Whether it happens to you, your partner, a family member or friend, arrest is scary. It’s vitally important that you know what to do, and, more importantly, what not to do when you have been arrested.

After you are arrested there are seven things you must never do. We call them the seven sins of arrest and they are:

  1. Never get in an argument with police.
  2. Never insult a police officer.
  3. Always put your hands where the police see them.
  4. Never try to run away.
  5. Never touch a police officer.
  6. Never resist an arrest in any way.
  7. Never forget that whatever you say to the police can (and probably will) be used against you.

What to do after arrest:

Ask for a lawyer immediately. It is not a good idea to handle this on your own.

At the police station:

Once you’re in the police station, keep quiet. Don’t say anything. It’s your Constitutional right.

Phone a friend:

After arrest, you have the right to make one local phone call. It’s usually best to phone a friend who can instruct a legal representative to help with a bail application.

Your rights:The South African Constitution states in section 35(1) that anyone who is arrested for allegedly committing an offence has the right:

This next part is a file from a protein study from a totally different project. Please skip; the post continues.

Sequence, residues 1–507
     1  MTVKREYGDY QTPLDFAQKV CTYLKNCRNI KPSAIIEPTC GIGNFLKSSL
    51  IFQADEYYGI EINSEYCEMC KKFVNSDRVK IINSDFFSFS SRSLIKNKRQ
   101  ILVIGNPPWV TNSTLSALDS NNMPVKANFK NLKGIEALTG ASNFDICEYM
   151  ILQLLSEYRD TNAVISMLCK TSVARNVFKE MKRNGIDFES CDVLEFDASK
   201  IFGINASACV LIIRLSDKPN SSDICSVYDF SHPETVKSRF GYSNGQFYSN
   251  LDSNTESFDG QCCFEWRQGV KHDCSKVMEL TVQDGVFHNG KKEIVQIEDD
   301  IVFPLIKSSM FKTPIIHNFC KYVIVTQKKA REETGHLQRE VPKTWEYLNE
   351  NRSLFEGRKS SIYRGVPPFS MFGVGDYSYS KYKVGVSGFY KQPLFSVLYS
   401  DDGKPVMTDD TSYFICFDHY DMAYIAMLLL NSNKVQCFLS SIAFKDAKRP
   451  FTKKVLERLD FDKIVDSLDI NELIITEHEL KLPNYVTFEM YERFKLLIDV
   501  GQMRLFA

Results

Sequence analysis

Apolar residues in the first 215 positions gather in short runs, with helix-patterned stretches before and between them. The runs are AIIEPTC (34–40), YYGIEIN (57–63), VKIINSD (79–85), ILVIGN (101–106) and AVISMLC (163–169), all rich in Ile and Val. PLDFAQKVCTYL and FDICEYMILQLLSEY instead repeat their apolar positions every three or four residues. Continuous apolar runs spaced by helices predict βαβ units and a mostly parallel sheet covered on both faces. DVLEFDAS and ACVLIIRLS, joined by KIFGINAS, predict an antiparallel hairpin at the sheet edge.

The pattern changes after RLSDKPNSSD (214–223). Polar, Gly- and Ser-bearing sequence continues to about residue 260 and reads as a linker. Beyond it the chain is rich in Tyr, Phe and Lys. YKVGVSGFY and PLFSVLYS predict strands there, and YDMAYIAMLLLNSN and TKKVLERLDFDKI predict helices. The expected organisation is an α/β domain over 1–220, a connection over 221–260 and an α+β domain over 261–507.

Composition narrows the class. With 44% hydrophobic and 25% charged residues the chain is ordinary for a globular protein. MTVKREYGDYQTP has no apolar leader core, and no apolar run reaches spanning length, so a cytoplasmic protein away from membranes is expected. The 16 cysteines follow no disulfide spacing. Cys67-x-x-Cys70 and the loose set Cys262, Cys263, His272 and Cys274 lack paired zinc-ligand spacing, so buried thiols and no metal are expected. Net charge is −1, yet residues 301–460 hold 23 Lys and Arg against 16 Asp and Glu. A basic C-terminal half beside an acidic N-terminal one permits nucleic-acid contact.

1. To remain silent.
  2. To be informed promptly of the right to remain silent, and of the consequences of not remaining silent.
  3. Not to be compelled to make any confession or admission that could be used in evidence against himself or herself.
  4. To be brought before a court as soon as reasonably possible, but not later than 48 hours after the arrest.
  5. To be charged, or to be informed of the reasons for the detention to continue, or to be released.
  6. To be released from detention if the interest of justice permits it subject to reasonable conditions.

Important knowledge:

The Criminal Procedure Act states that an arrest should be, as far as possible, only made after an arrest warrant for the arrest has been obtained. It’s only in exceptional circumstances that private individuals or even police can arrest someone without the authority of a warrant.

If the police officer says that they have a warrant for your arrest, ask to see it. They may only arrest you on a warrant if they have the original warrant with them. It is unlawful for police to proceed with an arrest using a copy or faxed version.